Safety measures finally resulted in a reduction in fatalities at Monza. There was only one death over the next two decades, Belgian motorcycle racer Michael Paquay in 1998. Two drivers dominated Monza in the 1980s, Prost (1981, 1985, 1989), and Piquet (1983, 1986-87). The most exciting race of the 1980s was likely the 1988 Italian Grand Prix. Enzo Ferrari died that year, and Ferrari wanted a 1-2 finish at Monza. Unfortunately, McLaren had won all 11 races that year, so chances were slim. Austrian driver Gerhart Berger made up a 26-second gap on Senna to take the win for Ferrari, followed by teammate Italian Michele Alboreto.

Schumacher taking his first Monza win for Ferrari in 1996
Schumacher taking his first Monza win for Ferrari in 1996

Senna, Schumacher, and Damon Hill collected two wins each in the 1990s. Ayrton Senna opened the decade at Monza with a Grand Slam taking pole position, leading every lap, and taking fastest lap. Ferrari collected their first win at Monza in the decade behind the driving of Michael Schumacher in 1996. Despite crashing into a tire barrier in the final part of the race, Schumacher still won by nearly 20 seconds. Ferrari again captured a 1-2 at Monza in 1998, ten years after their last 1-2 finish. Schumacher took the win with teammate Eddie Irvine finishing 2nd.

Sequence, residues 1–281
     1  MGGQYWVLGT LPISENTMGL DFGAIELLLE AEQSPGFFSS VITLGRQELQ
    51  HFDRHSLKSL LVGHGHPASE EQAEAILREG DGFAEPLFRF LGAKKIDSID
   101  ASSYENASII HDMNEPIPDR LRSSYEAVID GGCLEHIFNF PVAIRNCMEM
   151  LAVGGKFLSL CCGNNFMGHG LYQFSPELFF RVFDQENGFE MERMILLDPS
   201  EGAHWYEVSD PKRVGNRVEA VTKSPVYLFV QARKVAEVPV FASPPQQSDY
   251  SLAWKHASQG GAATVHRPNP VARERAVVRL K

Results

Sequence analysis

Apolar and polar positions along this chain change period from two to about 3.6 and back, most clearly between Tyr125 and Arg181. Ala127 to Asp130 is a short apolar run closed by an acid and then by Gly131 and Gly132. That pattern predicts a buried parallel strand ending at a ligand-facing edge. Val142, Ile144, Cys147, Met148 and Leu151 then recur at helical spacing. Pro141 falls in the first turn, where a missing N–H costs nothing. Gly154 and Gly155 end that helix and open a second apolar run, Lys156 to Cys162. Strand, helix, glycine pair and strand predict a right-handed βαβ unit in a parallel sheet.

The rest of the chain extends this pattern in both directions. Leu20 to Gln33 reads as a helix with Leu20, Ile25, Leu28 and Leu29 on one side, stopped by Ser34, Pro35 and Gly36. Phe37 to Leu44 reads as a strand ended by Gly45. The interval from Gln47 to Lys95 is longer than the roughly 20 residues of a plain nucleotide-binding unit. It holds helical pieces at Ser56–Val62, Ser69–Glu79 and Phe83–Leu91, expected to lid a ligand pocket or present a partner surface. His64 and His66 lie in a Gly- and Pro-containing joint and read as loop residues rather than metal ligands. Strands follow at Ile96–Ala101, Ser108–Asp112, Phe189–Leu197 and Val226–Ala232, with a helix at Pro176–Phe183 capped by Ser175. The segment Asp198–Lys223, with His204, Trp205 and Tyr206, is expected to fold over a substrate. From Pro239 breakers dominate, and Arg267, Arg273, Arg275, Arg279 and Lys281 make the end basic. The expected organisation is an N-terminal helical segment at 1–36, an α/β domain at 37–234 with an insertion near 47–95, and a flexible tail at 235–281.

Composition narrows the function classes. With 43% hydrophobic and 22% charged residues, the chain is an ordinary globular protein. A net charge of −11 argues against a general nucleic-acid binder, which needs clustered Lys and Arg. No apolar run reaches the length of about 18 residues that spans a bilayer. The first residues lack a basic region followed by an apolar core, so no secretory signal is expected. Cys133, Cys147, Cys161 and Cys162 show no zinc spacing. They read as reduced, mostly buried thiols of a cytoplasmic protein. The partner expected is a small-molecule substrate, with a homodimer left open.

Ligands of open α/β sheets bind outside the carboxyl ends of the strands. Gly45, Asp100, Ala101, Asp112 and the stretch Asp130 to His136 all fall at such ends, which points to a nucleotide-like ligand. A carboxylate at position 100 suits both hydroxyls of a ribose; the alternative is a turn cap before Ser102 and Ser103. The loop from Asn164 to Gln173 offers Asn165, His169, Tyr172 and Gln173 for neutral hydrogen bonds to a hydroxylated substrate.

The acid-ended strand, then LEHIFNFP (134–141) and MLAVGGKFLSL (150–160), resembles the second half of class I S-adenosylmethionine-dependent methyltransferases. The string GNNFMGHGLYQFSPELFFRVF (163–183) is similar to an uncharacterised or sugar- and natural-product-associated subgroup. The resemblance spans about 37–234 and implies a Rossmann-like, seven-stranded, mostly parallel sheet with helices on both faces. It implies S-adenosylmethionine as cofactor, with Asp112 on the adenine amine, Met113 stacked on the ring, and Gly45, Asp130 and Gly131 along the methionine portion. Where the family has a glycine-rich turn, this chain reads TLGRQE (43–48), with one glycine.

Ferrari Dominates the 2000s 

The current track layout
The current track layout at Monza

The year 2000 marked the last layout change at Monza. Despite the safety changes, Monza is still the fastest track on the F1 Circuit. The current layout utilizes the original road circuit, albeit drastically improved.